Krushchev's denunciation of Stalin, therefore accused all who were involved and part of the Great Terror (1936-1939) and those (the MGB and KGB) who ran the Gulag. The Party could NOT admit that it had made a mistake and Krushchev was eventually overthrown in 1964 by a coup d'etat led by Brezhnev and Kosygin. Most western historians tended to believe Krushchev because he had been the leader of the Ukraine SSR and a member of the Politburo during most of the last twenty years of Stalin's reign.

The weakness in the book is Leo's invariable ability to work his way through some of the worst parts of the Gulag and survive. The time on the prison ship and the personality of the camp commander are hard to take at face value. Leo (with Raisa) being able to escape the Soviet Union and venture to Hungary in itself (even though he has the help of a powerful KGB general) is too fantastical. Then the number of coincidences that occur ask the reader to ignore too much to make the last part of the story possible. The semi-happy ending at the end is in itself totally implausible.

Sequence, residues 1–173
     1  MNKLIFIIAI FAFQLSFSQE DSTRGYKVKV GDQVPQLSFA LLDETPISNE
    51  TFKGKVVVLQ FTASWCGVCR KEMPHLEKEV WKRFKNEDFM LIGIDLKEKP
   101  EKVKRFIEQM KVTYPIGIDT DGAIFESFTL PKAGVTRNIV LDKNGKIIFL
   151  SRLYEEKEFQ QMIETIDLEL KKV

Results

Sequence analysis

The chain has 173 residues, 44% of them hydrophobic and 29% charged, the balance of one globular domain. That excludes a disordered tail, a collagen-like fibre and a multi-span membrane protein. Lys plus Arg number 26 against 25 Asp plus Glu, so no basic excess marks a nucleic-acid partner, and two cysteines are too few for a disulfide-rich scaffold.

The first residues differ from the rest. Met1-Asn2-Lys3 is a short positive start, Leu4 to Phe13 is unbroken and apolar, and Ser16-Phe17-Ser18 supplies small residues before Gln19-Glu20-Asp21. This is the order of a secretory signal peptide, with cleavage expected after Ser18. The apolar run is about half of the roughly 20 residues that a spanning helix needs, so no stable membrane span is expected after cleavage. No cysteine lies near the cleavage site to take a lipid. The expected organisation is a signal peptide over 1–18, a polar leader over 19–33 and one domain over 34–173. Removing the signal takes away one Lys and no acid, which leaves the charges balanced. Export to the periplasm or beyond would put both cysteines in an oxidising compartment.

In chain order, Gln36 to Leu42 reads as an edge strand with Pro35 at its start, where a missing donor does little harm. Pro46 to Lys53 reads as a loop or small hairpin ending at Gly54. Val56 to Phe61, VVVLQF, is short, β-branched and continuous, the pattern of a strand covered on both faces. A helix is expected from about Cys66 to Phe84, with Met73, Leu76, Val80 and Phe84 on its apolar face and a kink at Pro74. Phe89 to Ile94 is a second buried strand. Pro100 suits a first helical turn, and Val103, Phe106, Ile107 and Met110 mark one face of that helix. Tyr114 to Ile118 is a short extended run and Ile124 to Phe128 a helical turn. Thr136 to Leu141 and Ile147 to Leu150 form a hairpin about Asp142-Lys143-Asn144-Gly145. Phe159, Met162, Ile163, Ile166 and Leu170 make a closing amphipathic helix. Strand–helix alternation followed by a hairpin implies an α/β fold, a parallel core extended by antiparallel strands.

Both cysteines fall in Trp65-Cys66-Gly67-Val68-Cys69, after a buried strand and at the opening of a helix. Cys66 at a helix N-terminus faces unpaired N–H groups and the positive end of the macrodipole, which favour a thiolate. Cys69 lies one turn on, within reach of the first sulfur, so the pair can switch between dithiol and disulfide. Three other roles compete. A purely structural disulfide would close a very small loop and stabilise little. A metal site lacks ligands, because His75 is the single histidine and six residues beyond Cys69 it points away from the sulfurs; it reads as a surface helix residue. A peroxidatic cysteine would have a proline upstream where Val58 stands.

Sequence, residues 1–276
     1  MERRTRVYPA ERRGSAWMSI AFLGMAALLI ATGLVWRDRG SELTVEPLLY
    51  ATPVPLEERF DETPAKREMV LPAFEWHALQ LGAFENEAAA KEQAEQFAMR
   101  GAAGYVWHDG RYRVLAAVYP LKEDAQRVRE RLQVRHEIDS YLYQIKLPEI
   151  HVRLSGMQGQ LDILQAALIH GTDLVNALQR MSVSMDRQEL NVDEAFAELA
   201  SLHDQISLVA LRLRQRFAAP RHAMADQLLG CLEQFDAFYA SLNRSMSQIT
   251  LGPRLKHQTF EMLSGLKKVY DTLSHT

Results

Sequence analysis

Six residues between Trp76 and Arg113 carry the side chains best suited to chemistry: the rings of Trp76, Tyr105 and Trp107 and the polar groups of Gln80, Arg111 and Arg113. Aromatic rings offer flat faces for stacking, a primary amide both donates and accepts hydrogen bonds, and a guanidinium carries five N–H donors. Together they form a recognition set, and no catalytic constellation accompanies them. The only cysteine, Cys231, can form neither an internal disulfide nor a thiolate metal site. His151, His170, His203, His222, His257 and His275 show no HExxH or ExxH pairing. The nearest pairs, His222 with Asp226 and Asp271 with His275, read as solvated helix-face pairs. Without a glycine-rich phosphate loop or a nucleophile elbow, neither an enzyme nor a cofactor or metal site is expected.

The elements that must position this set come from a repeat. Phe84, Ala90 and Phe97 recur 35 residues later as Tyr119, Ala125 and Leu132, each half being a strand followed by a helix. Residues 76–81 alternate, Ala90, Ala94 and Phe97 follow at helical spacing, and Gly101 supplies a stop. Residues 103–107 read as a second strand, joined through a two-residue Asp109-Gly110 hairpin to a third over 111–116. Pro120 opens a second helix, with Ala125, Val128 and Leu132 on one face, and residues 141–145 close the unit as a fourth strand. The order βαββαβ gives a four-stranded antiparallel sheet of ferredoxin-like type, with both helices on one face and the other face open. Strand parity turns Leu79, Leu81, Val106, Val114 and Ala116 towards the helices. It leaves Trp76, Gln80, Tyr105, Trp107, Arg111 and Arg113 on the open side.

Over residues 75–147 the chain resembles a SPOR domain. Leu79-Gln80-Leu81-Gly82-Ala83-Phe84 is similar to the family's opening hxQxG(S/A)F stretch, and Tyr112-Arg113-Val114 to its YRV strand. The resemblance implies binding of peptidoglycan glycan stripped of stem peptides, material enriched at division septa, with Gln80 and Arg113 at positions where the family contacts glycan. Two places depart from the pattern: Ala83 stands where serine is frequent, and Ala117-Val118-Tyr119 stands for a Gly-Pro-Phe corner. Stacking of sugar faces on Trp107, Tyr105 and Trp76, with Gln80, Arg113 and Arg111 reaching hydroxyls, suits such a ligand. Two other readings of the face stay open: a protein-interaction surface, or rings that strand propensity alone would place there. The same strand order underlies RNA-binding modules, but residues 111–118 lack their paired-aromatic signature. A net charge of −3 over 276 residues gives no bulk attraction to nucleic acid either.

Zeev BM Halevi
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31 of 37 people found the following review helpful
1.0 out of 5 stars Bitterly disappointing sequel to the fantastic Child 44. - Don't waste your money., 23 Jan 2010
This review is from: The Secret Speech (Hardcover)
Bitterly disappointing sequel to the fantastic Child 44.

This book is awful. Simple as that. What Tom Rob Smith achieved with Child 44 has been wiped out by this poor follow up. Whilst there are interesting ideas in the book, it's a mish-mash of scenes and doesn't flow particularly well...one wonders if the words 'film rights' have been mentioned to the author and he's thinking movie adaptation.

I truly wanted to love this book as I did Child 44, but alas there is no substance. Will give great consideration to ever reading this author again.
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21 of 25 people found the following review helpful
1.0 out of 5 stars Poor show, 27 Nov 2009